Tips for Conducting an Out-of-State Internship or Job Search

By: Ellen (Career Counselor & Guest Blogger)

While most of the students who I work with plan to stay in Minnesota after graduation, I get really excited when students mention they’d like to move somewhere else. When you’re young and without many life commitments, moving elsewhere for an internship or job can be what you really need to kick-off the next stage of your adulthood. Yes, moving to a new place can be scary, and it can also be a thrilling adventure. In the past 5 years I have conducted two successful out-of-state searches (graduate summer internship and first position post-grad school), so I’m here today to share a couple of tips to help make your out-of-state internship or job search a little easier.

Out-of-State Job Search

Benefit of an Out-of-State Internship

From my experience of doing an internship at a university in Oregon, the number one benefit of doing an out-of-state internship is to figure out if you could truly “live anywhere.” Internships are short-term experiences, so it’s the perfect opportunity to venture to somewhere new. What I learned from my experience in Oregon is that I could live away from family, just not that far. When I moved into my post-grad school job search, I made the decision to stay within about a 15-hour drive of family.

Tips for Your Search

  • Do your research on the location.
    • Who do you (or people in your network) already know in a specific location?
    • Going Global has cost of living and other resources for all the major metro areas in the United States and Canada.
    • Contact UMD alums via LinkedIn (the “Find Alumni” feature is amazing for finding people). Ask about their experiences living and working in a specific city or state. They may be able to guide you to location-specific resources or tips for conducting a successful search in that location.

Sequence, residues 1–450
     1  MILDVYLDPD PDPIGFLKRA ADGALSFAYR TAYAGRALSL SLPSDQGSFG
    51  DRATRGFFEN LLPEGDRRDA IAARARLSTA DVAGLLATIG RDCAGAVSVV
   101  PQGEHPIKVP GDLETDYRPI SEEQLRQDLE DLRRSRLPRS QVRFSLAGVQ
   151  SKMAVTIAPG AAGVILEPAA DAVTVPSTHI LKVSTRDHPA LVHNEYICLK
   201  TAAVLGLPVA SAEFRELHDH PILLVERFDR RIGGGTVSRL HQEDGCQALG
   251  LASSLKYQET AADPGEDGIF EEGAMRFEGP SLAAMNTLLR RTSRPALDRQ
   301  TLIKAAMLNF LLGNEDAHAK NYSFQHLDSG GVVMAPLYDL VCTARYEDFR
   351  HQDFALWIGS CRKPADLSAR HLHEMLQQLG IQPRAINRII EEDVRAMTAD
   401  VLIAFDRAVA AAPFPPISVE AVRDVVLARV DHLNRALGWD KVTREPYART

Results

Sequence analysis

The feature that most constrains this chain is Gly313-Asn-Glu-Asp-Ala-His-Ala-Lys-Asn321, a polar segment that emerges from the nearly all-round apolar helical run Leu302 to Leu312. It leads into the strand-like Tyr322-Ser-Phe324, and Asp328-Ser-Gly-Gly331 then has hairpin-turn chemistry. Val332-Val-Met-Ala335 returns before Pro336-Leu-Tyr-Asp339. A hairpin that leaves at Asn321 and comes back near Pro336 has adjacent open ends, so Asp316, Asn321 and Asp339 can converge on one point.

• Figure out why you want to relocate. “I want to get out of Minnesota” is not a great reason, if it’s your only reason. It may be what kicks off the out-of-state search, and take some time to figure out your other reasons for moving somewhere new.
  • Use your network. Your network can include family members, friends, colleagues, professional associations, and more. True story, my internship in Oregon started by searching the membership directory of the professional association I belong to. Do people in your network live in any of the locations you are looking at? They could help you by sharing information about the city, local scoop about organizations, great places to find housing, and transitioning to living in the new location. Knowing at least one person in your new location can be really helpful for having a successful transition to the new place.
  • Check out the Chamber of Commerce directory of the city where you’d like to relocate. Find what organizations are located in that city.
  • Use national and local job boards. Often, national job boards can cost money that not all organizations want to spend. Local job boards might have more opportunities listed. Make sure that your search plan includes both types of job boards.
  • Make a point to include on your resume and/or cover letter your reasoning or plans to relocate. Here’s a sample sentence I included in a cover letter to address this point, “I am excited to potentially have the opportunity to be in the Denver area and to connect students with opportunities in the local community.”
  • Meet with one of the career counselors in our office to start working on your out-of-state internship or job search plan.
  • Enjoy the adventure!

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